Morning in the Swamp, Day Before Christmas

.

PRICKLY WILD FLORIDA HOLLY WITH RED BERRIES JUST IN TIME FOR CHRISTMAS

Wild Florida Holly ⓒBearspawprint2014

Wild Florida Holly ⓒBearspawprint2014

After three days and four nights of heavy downpours, there is a pause in the rain. All the rain softened an already soft spot in the porch floor, which I fell through. But Heroic Mighty Old Swamp Lady, I hobbled in for my camera, and hobbled down to see how high the river had gotten, so far. More water from upstream will arrive soon. The predictions say that Christmas, tomorrow, will be sunny. How convenient is that?

Click on photos to enlarge

December 24 Dawn, Workshop lean-to roof  ⓒBearspawprint2014

December 24 Dawn, Workshop lean-to roof ⓒBearspawprint2014

.

River is already in the trees, this is good because the water will have a chance to soak in. ⓒBearspawprint2014

River is already in the trees, this is good because the water will have a chance to soak in. ⓒBearspawprint2014

.

The river is already over the banks and in the the trees.  This is good because it will have a chance to soak in.   ⓒBearspawprint2014

The river is already over the banks and in the the trees. This is good because it will have a chance to soak in. ⓒBearspawprint2014

.

High Water

I was standing close to the back of the water curve, between the two trees, pictured in the photo below, to take some of the “Rainy Day Walk” photos.

ⓒ Bearspawprint  2014

ⓒ Bearspawprint 2014

 

There was no light rain to keep the skeets away, yesterday evening, while I was snapping photos. With all of the high water, those little whiners are quite happy, so are the crawdads.  If I want the light to reflect across the water’s surface I have to wait until early evening.  Earlier in the day the light is not right, the water under the trees appears only as darkness.  I suspect that someone informed the mosquitoes ahead of time.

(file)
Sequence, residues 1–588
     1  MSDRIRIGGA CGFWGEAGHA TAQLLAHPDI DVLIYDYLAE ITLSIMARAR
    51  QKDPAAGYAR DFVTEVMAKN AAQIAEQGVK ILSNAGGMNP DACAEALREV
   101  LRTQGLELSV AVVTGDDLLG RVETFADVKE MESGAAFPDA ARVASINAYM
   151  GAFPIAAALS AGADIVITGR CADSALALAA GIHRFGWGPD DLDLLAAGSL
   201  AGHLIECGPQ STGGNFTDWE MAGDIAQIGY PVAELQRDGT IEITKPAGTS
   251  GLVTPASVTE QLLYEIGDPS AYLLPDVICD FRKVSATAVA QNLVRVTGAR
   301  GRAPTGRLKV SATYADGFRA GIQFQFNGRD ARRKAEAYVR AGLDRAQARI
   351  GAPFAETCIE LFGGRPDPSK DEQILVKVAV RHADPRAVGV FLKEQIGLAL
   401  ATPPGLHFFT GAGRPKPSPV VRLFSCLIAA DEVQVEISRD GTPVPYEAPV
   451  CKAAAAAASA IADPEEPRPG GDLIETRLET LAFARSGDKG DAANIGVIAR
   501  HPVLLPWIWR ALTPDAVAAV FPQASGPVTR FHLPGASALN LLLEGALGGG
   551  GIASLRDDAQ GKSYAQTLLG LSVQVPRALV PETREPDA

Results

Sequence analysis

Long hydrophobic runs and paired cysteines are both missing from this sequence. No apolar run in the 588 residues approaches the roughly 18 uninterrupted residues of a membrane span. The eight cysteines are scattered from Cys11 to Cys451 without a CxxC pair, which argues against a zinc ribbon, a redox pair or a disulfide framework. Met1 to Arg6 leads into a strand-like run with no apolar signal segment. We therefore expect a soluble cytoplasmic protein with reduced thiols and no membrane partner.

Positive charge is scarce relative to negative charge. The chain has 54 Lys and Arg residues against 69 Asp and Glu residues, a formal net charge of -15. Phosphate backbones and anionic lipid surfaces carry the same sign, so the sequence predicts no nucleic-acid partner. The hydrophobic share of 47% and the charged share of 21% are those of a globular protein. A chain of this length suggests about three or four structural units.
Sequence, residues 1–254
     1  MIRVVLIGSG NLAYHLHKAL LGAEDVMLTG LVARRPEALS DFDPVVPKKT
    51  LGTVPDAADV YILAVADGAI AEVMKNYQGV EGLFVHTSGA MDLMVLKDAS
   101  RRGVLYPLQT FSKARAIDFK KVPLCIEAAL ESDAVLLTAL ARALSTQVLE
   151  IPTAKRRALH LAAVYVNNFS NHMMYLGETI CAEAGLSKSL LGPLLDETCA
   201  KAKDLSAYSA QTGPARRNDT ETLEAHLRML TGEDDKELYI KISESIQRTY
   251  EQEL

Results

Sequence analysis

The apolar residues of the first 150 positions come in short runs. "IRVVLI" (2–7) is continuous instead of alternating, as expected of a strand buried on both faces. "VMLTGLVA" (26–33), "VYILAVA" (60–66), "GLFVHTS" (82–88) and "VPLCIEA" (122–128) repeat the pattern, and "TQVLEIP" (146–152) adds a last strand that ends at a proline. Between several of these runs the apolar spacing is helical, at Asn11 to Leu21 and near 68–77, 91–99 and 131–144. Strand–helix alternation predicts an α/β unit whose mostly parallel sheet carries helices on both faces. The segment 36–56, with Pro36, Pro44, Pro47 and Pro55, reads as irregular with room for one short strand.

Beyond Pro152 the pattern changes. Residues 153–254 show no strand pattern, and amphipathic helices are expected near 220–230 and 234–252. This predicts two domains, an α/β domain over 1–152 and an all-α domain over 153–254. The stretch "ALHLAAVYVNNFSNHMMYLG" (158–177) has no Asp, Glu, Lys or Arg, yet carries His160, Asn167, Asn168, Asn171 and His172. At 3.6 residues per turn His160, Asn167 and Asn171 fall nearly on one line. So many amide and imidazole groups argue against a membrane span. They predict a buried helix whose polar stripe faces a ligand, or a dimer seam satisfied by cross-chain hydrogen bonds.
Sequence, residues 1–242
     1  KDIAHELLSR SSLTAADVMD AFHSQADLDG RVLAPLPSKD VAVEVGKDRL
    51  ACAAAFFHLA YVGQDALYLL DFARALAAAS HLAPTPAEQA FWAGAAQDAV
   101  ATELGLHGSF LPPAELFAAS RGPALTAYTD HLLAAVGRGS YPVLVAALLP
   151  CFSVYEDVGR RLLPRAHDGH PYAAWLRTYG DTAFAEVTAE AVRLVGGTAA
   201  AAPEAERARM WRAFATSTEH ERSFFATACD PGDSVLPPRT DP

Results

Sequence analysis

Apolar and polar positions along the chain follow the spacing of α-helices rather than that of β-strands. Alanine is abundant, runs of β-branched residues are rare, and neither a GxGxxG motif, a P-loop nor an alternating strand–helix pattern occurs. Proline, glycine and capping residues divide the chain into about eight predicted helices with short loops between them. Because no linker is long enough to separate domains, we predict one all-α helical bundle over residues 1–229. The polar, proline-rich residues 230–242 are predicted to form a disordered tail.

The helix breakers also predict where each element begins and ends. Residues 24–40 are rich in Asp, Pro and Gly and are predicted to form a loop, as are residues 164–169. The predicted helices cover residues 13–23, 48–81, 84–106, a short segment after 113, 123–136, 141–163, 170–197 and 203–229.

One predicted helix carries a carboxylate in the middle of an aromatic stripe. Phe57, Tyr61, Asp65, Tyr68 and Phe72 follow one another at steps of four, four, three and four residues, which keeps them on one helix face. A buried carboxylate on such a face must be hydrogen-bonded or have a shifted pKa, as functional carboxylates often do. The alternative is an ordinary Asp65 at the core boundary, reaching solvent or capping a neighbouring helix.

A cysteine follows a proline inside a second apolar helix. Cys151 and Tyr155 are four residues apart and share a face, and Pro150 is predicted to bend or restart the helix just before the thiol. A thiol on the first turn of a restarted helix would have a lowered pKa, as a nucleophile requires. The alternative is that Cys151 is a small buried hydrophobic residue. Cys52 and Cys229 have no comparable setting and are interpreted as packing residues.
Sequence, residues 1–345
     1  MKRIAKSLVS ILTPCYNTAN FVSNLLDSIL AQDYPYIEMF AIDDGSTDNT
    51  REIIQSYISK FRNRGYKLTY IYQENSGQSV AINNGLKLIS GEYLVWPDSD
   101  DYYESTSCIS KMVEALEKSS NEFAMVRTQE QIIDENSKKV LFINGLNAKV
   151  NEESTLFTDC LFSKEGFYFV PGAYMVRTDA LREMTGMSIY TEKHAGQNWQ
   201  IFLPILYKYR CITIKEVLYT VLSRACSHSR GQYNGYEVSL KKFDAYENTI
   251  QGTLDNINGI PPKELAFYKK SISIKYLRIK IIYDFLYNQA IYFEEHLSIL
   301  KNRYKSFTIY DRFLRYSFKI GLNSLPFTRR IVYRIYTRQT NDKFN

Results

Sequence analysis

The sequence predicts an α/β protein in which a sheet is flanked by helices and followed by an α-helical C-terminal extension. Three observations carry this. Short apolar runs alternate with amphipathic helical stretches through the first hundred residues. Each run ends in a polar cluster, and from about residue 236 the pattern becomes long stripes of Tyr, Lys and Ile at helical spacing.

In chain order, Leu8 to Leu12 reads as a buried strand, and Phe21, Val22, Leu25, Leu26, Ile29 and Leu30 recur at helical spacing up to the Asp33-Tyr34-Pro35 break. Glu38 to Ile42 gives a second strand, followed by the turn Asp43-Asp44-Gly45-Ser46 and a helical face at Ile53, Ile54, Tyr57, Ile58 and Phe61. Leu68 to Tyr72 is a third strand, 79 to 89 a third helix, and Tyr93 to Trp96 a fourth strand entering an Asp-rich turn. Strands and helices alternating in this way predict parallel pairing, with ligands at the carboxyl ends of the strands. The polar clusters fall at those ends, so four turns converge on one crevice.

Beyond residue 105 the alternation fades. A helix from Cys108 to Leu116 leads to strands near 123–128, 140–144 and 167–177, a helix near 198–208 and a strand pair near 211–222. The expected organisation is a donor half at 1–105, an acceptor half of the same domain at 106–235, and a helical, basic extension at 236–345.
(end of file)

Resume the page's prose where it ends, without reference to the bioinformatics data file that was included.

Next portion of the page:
I saw the wake of something BIG swim away, but I didn’t see what it was.

Whenever the floods go down, the land is  different.  15 years ago there was a deep ravine and a high sandy dry place beside it, in front of where the swing is pictured, that was  the shortest route to walk to a sandy swimming beach with nice willows for sitting in to picnic.   It was about 1/4 mile to the river.   That changed, and changes again every year.   By observing the still appearing surface you cannot tell that some places are 20 ft., and more, deep, and some are only 2 ft.   The current is also not apparent on the placid surface, but follows the unknown, changing contours of the hidden muddy ground .

 

 

 

Crawdad Hole – DOC WATSON

 

 

April Morning

Every Day Is Earth Day

THRESHOLD

.
.
Who is she, wandering amongst the thorns,
Growing old, gifting flesh to desolate time?
She knows even private memory
Will be washed by floods and death.
.
Wild thorns trees, brambles,
Twisting sticker vines,
Sweet scented with the
Pain of lost wishes are overgrown
With barbed memories, preferred
Forgotten. Awareness and remembering
Are pricked by blooded heart gifts,